I hit the right spot and was stunned when the deer jumped and took off. I waited about 30 minutes and started the process of following the trail. There was some blood but not enough for the shot. However luck was on my side I found the deer laying down with it head up. I was able to get close and followed with a shot to the neck. Again a perfect hit and the deer got up and ran. I was stunned for the second time....Yes I still had the target points on and had failed to change back to the broadheads.
IMHO, you could NOT have hit the right spot. "The right spot" in archery hunting is BOTH lungs. If you hit both lungs with ANYTHING then the animal will be dead in SECONDS. If you waited 30 minutes and the deer was still alive then there is NO POSSIBLE WAY that you hit both lungs.
Crap happens, but no one should take a shot with a bow and arrows where there is not a very high degree of certainty that BOTH lungs will be hit. I've had my share of shots that didn't work out like I planned and I didn't hit both lungs, however, if I didn't hit both lungs then I DIDN'T hit the "right spot".
If you hit both lungs, even with a field point, then that animal has taken it's last breathe and has no more than 10-15 seconds of consciousness.
October 22, 2009, 04:42 PM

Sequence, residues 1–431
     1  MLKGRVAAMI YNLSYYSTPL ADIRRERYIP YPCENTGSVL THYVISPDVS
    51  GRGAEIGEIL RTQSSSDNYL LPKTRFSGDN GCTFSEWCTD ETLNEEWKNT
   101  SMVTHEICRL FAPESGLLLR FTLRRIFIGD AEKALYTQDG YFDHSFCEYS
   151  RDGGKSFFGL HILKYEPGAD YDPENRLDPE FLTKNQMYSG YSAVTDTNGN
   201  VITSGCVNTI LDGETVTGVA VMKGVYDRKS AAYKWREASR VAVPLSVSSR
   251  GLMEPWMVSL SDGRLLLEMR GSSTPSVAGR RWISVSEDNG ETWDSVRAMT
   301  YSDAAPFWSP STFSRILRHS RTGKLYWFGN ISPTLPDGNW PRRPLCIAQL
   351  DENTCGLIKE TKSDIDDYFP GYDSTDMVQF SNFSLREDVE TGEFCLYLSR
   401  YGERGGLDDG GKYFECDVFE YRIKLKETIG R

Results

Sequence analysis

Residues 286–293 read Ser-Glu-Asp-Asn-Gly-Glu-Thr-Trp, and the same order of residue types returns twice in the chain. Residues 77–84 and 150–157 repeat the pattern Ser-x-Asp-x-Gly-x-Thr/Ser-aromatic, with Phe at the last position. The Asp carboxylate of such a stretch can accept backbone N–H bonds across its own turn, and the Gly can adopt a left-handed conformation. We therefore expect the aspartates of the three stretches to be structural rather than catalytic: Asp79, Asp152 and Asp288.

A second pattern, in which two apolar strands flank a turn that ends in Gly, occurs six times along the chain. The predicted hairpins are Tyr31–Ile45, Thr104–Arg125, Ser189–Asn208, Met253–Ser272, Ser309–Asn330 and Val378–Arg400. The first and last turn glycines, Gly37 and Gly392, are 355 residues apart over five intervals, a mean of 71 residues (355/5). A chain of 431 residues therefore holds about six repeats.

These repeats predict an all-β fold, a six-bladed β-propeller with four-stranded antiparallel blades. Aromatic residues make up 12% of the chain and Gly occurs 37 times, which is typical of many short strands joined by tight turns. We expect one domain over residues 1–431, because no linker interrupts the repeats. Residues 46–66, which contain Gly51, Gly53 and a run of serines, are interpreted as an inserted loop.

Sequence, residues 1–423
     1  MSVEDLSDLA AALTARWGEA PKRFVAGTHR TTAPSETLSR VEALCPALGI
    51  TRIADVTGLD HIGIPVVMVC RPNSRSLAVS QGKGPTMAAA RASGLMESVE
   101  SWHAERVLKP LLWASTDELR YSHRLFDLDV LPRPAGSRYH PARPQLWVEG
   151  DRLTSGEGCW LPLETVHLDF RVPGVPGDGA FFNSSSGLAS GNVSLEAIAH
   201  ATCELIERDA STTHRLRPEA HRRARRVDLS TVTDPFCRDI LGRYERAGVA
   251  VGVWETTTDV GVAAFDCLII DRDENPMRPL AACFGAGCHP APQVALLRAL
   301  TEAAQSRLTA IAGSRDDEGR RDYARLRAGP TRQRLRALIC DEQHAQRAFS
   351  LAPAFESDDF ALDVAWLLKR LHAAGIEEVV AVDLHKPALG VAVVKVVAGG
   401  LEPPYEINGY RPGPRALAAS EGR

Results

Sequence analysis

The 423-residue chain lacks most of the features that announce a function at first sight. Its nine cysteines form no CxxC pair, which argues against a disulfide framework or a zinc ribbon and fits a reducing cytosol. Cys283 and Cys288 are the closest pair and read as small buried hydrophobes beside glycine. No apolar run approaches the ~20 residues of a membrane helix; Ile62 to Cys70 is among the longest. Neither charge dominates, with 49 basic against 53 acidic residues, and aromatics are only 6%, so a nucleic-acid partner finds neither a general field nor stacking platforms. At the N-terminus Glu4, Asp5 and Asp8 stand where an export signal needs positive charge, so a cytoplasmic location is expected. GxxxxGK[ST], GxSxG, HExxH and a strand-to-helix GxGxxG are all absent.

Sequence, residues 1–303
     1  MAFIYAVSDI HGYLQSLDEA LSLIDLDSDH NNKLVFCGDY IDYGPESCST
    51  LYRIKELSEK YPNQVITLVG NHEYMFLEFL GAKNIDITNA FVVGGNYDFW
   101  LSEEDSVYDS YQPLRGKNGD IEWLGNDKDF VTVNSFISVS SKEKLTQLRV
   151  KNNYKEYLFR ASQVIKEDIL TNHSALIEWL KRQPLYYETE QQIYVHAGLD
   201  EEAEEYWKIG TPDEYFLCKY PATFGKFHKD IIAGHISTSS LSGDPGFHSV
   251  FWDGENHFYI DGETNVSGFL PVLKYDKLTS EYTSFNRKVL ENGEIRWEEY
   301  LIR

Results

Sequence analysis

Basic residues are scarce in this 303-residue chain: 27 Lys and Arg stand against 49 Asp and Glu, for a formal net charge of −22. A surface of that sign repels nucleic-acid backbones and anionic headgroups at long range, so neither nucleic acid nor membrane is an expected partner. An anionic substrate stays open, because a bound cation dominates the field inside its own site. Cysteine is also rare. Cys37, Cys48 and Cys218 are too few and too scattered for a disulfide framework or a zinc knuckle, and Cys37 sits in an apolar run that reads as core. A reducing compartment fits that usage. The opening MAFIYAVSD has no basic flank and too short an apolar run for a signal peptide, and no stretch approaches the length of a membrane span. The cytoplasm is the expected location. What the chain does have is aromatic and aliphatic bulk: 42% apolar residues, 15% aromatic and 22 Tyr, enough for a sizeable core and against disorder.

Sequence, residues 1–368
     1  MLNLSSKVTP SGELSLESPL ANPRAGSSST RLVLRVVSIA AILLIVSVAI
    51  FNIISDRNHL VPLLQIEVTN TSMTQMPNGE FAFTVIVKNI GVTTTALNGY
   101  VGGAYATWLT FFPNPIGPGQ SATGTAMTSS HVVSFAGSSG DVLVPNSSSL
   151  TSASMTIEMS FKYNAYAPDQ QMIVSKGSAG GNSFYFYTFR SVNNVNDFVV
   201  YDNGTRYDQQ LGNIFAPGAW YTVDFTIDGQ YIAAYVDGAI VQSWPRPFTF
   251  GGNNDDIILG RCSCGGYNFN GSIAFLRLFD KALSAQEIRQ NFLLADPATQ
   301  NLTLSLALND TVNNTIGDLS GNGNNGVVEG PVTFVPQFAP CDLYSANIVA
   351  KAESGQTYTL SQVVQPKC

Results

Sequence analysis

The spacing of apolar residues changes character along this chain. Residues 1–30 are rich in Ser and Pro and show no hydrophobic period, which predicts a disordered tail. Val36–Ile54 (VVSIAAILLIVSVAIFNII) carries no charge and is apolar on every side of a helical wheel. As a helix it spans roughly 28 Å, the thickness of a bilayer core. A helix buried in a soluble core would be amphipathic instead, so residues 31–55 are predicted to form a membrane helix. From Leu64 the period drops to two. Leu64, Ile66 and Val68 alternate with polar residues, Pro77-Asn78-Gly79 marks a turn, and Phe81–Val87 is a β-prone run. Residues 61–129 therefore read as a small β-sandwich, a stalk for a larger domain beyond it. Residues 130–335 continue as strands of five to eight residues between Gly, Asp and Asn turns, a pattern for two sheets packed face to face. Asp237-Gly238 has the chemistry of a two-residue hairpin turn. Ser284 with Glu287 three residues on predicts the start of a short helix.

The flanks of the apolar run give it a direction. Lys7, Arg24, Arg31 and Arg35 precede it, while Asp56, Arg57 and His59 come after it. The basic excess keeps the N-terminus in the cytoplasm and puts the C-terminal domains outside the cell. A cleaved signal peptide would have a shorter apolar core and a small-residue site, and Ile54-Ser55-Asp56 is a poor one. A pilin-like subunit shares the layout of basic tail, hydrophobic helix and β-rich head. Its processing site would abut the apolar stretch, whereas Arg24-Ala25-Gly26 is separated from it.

That would be great and if everyone could shoot 100% and hit one lung that is great. The right spot to me is the area that will in fact do that. However can you be off just a fraction of a inch? You bet you can, now as far as I remember I had clipped the lungs on the first shot.
I must be pretty good at the right spot since I have never lost a deer and in fact this is the only one that I can remember that ever ran more than a few feet.
In any event hitting a deer with a field tip or broadhead that doesn't open can result in unexpected things.
Did I do the right thing at shooting at a deer in the neck since that was the only open shot on a deer that I had hit 100% where you should have the first time? AT the time I thought so. Should I have taken the last shot with the deer showing the only open shot the back? It worked for a kill at the time. After all I had an arrow through the chest / lung area and the neck. I just didn't know it was a very small hole.
In any event things happen and the main point is that you are in fact at a disadvantage when a broadhead doesn't open or you do something stupid like using fieldtips.
October 22, 2009, 06:02 PM
I think there is a reason we use broadheads when hunting and not field points. Broadheads do more damage. It's not necessarily about leaving a bigger blood trail, it's about doing more damage. If I jam an ice pick through my hand, I will bleed but I will bleed less than if I had stuck a butcher knife through my hand because an icepick does less damage.
A deer hit in both lungs with a 30-06 might be able run up to two hundred yards due to the oxygen stored in the muscles but the quicker it loses blood pressure to the brain, the quicker it will stop.
October 23, 2009, 07:48 PM
October 25, 2009, 03:01 AM